Jury Finds Garcia Zarate Not Guilty In Steinle Murder Trial: My Initial Reaction

zarate and steinle

Garcia Zarate (left) and his victim Kate Steinle (right)

SAN FRANCISCO (CBS SF & AP) — Jurors Thursday afternoon acquitted the illegal immigrant accused of killing Kate Steinle as she walked with her father on a crowded San Francisco pier of all charges except for felony possession of a firearm.

A spokesperson for the Superior Court of California made the announcement that the jury had reached a verdict shortly after 3 p.m. Shortly after 4:30 p.m., the shocking verdict was announced that Jose Ines Garcia Zarate was found not guilty of all charges except for the gun possession charge.

Jurors have been deliberating on the case since Tuesday, November 21, after prosecutors and defense attorneys finished their arguments whether Garcia Zarate was a hapless homeless man who killed Steinle in a freak accident or a calculated murderer intent on playing a sick game.

CBS SF Bay Area

Jurors have found Jose Ines Garcia Zarate not guilty of killing Kate Steinle on Pier 14 in San Francisco in July 2015 in the trial that sparked a national debate over illegal immigration.

Jurors reached the decision Thursday in the sixth day of deliberations after first receiving the case last week.

Zarate was found not guilty of first and second degree murder and involuntary manslaughter. He was also found not guilty of assault with a semi-auto weapon. He was found guilty of count two – possession of a felon with a firearm.

Steinle was walking with her father and a family friend in July 2015 when she was shot, collapsing into her father’s arms. Zarate had been released from a San Francisco jail about three months before the shooting, despite a request by federal immigration authorities to detain him for deportation.

Fox News

I started writing a story about this but I realized I was too angry and too heartbroken to concentrate. I have been following this story and it is just astonishing that the jury came to this verdict. This is exactly why I have “issues” with these so-called “sanctuary cities.” Garcia Zarate has seven felony convictions. Seven! He was in possession of a stolen handgun, which in and of itself is a crime for a convicted felon. The defense says the .40 caliber handgun “just went off.” I’ve been handling firearms for a long time and they don’t just “go off” spontaneously.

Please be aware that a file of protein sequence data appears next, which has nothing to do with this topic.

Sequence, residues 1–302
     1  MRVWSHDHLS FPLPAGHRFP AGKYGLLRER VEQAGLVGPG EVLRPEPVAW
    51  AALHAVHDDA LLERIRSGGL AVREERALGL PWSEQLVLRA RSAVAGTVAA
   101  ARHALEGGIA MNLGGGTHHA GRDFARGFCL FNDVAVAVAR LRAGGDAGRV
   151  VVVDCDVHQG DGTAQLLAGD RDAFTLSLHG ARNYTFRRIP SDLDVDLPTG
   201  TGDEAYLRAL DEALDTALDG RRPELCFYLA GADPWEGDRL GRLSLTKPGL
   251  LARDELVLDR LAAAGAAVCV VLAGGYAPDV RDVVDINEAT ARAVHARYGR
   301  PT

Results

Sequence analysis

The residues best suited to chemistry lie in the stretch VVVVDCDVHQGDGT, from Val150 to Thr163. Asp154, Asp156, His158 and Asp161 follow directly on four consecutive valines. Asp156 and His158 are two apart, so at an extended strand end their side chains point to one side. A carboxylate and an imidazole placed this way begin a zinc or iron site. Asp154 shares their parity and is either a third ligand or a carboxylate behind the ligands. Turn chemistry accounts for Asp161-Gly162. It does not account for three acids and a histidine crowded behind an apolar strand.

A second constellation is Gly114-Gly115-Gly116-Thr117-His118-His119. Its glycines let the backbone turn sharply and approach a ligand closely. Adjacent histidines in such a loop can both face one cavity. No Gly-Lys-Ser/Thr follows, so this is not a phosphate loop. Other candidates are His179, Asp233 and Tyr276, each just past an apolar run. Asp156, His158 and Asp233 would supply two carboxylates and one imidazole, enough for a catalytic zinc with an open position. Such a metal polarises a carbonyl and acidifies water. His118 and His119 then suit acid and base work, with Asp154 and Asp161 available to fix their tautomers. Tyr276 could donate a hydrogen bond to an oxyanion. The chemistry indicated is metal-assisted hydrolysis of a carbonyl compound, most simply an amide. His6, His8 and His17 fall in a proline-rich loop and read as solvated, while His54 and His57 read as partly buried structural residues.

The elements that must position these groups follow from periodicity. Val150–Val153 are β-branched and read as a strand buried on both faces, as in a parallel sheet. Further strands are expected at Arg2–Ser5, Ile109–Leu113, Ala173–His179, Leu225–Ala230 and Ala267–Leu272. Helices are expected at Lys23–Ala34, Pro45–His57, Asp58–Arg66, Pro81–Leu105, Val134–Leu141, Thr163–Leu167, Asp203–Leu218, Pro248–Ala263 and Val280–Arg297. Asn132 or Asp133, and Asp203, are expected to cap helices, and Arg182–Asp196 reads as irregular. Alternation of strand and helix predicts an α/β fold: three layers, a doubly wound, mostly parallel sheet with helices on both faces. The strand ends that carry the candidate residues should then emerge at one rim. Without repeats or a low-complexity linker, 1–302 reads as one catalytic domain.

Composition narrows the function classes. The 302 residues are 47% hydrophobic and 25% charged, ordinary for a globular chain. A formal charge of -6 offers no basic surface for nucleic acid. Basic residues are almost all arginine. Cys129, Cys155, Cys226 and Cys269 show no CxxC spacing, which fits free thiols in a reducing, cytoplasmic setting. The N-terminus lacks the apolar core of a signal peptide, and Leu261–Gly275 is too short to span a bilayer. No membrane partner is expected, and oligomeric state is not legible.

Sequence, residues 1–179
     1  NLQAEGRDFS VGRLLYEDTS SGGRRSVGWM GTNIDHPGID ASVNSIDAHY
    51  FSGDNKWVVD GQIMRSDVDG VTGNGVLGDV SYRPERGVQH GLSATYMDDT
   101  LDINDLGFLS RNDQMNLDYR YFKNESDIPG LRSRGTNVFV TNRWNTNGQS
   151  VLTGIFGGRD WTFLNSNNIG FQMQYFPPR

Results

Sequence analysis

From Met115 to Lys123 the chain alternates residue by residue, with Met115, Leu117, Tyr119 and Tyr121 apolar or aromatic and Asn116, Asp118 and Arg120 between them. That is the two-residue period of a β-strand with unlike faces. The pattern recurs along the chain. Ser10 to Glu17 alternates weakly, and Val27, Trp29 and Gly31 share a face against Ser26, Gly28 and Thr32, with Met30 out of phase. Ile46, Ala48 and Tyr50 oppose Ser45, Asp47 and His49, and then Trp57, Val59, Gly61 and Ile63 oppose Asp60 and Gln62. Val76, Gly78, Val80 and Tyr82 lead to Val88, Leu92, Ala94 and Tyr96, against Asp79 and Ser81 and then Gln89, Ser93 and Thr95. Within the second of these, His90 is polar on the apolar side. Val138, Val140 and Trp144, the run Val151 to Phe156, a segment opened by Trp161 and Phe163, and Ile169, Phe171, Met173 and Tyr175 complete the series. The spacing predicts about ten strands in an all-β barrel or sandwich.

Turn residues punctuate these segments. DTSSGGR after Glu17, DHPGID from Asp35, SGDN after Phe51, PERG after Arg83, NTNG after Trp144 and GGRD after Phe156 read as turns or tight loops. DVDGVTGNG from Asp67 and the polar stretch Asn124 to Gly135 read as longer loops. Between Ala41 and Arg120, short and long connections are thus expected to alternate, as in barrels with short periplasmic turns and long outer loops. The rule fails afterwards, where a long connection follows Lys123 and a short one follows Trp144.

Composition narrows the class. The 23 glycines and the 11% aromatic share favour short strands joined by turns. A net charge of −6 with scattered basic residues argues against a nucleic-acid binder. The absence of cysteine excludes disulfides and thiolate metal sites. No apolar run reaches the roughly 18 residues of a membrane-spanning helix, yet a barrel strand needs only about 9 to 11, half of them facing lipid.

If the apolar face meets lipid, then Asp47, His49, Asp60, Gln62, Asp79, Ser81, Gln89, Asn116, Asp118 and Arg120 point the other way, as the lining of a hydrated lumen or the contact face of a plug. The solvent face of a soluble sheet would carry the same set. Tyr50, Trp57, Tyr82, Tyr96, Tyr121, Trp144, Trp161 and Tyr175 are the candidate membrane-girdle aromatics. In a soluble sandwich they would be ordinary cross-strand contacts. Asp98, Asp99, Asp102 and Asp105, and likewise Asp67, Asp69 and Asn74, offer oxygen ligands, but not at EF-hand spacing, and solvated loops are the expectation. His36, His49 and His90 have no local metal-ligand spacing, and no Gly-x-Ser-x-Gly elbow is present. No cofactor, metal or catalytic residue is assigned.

When I’m upset, I process by writing, but this one is over the top. A 32-year-old woman walking with her Dad on Pier 14 was gunned down and collapsed in her Father’s arms. As a Dad to a daughter and a Grandpa to a granddaughter, I am grief stricken and absolutely outraged. I’m going to need some time to process this before I write in order to process this. I’ve written on social issues here in the past with varying results, but like I said, this one is off the scale.

Our justice system says that the jury’s decision must be respected and I can only hope the prosecution files an appeal. If not, then in my opinion, Zarate gets away with murder and San Francisco is his sanctuary city protecting him from experiencing any consequences for his crime. Is this really the ideal we’re striving for here?

Addendum: Having had some time to mull over this issue, I have authored a more thoughtful response to this issue I present for your consideration: Sanctuary and the Death of Kate Steinle.

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17 thoughts on “Jury Finds Garcia Zarate Not Guilty In Steinle Murder Trial: My Initial Reaction

  1. I live in San Francisco and I’m proud that it is a sanctuary city. That said, I, too, was disturbed by the verdict in this case. Politics aside, from everything I’ve read, the man committed murder. But men commit murders every day across America, both in and not in sanctuary cities. And the murder rate by committed by American citizens is much higher than the murder rate committed by illegal aliens. I blame lax gun laws for such murders, not whether or not they occurred in a sanctuary city.

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    • I used to live in the Bay Area, including the City, back in the late 1970s and early 80s. To me, this isn’t an issue of an undocumented immigrant from Mexico shooting a woman, but of a seven time felon who broke into a Federal Park Ranger’s vehicle and took his firearm and then, through what ever process, caused it to discharge, killing an innocent person (who could have been anyone including a child). Involuntary manslaughter doesn’t seem like an unreasonable verdict in this case. Lax gun laws, at least in this instance, have nothing to do with it.

      I recently looked up California’s gun laws and they are some of the strictest in the nation, especially compared to Idaho where I live now.